Jazz and Culture in a Global Age (2014)

SNJC

 

 

‘[A] milestone in the jazz genre. . . This is one of the most inspiring books about jazz I have ever read . . . a completely dazzling cultural survey.’ — ORKESTER JOURNALEN  (Sweden)

‘It is almost impossible to dispute Nicholson’s erudition. The way he combines the musical narrative with the cultural is admirable and certainly places his arguments in context. Nicholson goes above and beyond the lofty goal he sets for himself, providing a breadth of historical coverage on his topic that is more than substantial. Moreover the book is satisfyingly lengthy…[and] is exceptionally well written…the prose Nicholson employs to present his information is witty, sharp and full of detail. One has to commend the breadth of Nicholson’s theory. It is magnificently structured and very clearly unfolds from page to page…it is indeed a game changing publication. It highlights much that often goes ignored and dares to combat ideas that have since remained unchallenged.’ Zara Simon-Ogan, THE UNIVERSITY OF GUELPH BOOK REVIEW PROJECT, (Canada).

Jazz and Culture in a Global Age is Stuart Nicholson’s Kind of Blue — a masterpiece.’ — BOB BELDEN, saxophonist, arranger, composer, Blue Note recording artist, record producer, educator, historian and three times Grammy winner (USA).

‘A classic…beautifully, skilfully written.’– RAN BLAKE,  pianist, composer, recording artist, educator and recipient of a MacArthur Genius Grant, former chair of the Contemporary Improvisation Department, New England Conservatory and currently faculty member at NEC (USA).

‘Where most books on jazz focus solely on the music or musicians, this volume explores the form as an influential commodity of culture…It is a very well-constructed study of the way in which this distinctly American art form not only spread throughout the world, but did so in such a way that it was inextricably linked with America and its changing status in the global landscape. From how jazz was adopted and integrated as it entered other countries to the many expansions of the form in the modernist period to the place jazz now holds in a world of single-song downloads, Nicholson treats his subject with a healthy balance of reverence and objective analysis. He also covers a wide array of artists and styles in his examples, painting a very full portrait of an evolving craft.’—LIBRARY JOURNAL (USA)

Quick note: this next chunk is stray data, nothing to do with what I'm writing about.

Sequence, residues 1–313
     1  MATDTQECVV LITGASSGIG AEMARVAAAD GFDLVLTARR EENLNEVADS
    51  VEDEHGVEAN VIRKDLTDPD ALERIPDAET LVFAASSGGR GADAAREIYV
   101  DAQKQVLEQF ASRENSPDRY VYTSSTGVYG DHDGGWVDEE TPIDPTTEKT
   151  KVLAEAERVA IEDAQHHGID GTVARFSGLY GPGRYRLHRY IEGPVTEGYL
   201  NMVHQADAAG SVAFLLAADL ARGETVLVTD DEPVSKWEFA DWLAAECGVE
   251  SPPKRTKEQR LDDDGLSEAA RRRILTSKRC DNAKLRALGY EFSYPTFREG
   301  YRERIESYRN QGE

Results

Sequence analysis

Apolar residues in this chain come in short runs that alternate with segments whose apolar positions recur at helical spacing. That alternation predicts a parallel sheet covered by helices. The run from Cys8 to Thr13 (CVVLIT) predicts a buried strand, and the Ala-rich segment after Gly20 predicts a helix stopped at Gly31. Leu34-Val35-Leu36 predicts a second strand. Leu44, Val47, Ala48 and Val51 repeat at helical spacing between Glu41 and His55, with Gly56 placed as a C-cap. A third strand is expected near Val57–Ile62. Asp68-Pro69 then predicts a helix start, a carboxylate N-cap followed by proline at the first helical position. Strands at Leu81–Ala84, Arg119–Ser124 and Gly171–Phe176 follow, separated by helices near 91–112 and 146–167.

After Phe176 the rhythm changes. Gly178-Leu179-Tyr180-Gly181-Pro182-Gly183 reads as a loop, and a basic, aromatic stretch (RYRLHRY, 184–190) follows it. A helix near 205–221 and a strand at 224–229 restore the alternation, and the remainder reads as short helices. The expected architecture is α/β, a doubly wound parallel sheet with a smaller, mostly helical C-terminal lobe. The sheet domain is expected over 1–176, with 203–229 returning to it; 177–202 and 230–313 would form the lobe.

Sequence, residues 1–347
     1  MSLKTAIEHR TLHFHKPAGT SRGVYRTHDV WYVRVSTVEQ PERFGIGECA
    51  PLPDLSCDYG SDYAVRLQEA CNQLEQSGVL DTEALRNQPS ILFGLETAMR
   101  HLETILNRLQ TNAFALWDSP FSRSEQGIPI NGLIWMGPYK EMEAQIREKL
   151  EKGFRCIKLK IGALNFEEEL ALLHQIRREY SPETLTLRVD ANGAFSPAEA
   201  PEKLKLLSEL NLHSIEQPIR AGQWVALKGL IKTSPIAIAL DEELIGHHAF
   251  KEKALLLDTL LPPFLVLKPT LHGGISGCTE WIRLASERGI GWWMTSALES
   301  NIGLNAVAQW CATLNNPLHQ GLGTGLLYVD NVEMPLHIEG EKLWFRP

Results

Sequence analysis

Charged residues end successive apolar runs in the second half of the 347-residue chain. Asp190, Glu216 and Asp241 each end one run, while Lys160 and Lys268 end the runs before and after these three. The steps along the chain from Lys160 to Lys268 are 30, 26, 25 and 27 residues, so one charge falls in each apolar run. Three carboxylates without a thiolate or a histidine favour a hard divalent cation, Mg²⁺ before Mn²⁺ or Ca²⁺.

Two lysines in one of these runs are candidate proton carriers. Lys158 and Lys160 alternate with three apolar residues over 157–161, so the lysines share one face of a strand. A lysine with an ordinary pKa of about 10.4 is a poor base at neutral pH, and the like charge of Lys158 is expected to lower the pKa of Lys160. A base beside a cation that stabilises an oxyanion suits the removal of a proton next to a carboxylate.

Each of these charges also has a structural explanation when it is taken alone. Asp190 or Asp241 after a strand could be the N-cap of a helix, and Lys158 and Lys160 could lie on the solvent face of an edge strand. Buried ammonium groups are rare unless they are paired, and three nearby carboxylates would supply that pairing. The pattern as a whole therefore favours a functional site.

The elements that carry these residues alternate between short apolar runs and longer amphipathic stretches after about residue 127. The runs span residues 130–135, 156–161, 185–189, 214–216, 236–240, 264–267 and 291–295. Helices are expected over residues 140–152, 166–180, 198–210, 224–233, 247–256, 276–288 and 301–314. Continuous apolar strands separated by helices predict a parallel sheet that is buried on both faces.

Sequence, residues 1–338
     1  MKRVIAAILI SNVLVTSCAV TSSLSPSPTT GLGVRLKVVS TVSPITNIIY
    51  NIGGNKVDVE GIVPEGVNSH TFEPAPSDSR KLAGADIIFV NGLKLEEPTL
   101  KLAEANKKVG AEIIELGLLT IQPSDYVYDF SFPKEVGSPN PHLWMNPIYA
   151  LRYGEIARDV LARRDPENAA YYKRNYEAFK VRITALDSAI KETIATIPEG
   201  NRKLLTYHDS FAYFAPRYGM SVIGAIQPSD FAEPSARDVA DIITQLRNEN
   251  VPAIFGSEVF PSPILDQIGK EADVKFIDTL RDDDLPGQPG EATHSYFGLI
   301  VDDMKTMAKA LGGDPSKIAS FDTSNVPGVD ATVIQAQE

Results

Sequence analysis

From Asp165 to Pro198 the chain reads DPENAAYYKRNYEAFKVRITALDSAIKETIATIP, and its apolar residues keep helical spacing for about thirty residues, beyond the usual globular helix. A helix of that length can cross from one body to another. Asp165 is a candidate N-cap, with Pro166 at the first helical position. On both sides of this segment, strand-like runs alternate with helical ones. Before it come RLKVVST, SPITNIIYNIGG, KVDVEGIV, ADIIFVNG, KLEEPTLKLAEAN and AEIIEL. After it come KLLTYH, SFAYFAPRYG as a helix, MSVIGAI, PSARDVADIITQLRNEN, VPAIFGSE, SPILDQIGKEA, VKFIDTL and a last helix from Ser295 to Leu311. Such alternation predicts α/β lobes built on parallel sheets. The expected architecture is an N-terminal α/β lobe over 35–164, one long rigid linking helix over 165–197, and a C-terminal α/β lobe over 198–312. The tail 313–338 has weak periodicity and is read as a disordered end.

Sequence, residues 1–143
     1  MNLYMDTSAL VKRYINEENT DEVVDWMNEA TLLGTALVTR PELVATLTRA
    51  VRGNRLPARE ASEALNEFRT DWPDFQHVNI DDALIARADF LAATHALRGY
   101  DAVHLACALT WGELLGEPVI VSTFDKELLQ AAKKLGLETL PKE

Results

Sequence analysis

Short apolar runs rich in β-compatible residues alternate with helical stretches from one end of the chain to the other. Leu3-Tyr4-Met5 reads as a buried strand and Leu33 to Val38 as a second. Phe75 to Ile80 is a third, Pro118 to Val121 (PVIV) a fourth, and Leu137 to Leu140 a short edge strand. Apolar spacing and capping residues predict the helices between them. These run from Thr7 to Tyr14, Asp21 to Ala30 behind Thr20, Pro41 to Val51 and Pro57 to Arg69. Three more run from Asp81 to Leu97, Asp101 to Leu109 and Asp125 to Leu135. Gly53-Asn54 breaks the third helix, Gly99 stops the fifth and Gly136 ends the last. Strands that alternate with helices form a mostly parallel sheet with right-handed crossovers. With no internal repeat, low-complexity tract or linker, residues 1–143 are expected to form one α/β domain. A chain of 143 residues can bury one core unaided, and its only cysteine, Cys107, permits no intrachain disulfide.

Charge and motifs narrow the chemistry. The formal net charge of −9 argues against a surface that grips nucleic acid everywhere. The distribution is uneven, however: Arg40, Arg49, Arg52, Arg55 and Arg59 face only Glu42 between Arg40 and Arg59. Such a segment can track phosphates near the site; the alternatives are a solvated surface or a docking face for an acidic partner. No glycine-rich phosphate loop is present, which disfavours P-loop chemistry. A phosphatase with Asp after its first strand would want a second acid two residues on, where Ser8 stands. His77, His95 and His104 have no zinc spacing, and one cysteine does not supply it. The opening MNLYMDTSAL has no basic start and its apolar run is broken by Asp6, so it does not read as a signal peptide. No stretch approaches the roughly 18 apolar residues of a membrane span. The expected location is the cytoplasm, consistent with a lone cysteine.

‘Noted British jazz writer Nicholson first takes on the state of jazz around the world today, surveying a broad spectrum of international music… Along the way, he poses some interesting questions about how music is not only performed differently in different cultures but may in fact be heard or understood differently. He enlists some cogent psychological theorising about our comprehension of music.’—BOOKLIST (USA)

‘The writing is lively and [Nicholson] is great at summarising and making accessible cultural theory.’ — JAZZGUITAR.COM  (USA)

‘The British author Stuart Nicholson is one of the most astute observers and profound analysts of the international jazz development…His latest book, Jazz and Culture in a Global Age, continues this train of thought…[and] the jazz debate, as animated by Stuart Nicholson, is as exciting as the jazz.’ — JAZZFACTS RADIO DLF (National German Radio)

‘In today’s world, rarely are there texts motivated by a well argued, healthy polemic. Jazz and Culture in a Global Age by Stuart Nicholson is one of those rare exceptions. The text is supported by an impressive body of data and documents investigating the position of jazz in contemporary society, a phenomena covered by massive political, economic and cultural factors that have now taken on a global scale…Jazz and Culture in a Global Age is a book that goes beyond mere music criticism, focusing rather on multi-disciplinary analysis, with large eyes and ears, of its chosen subject.’ — JAZZIT (Italy)

‘Nicholson is a solid and respected author and his present work is rich and wide-ranging in source material. He covers much cultural ground in the course of his treatise and is often provocative, here and there critical of, for example, second-rate jazz ‘literature’ which has found its way to the market, but he is also most stimulating. He challenges his reader and you need to concentrate fully to take in all his points. This is much more than a book on jazz. Essential reading — I would compare it with another eminent work, Professor Wilfrid Mellers’ Music in a New Found Land (from 1964) for its sheer range and quality of scholarship.’ — DR. JAMES W. DICKENSON, AMAZON.CO.UK (Norway)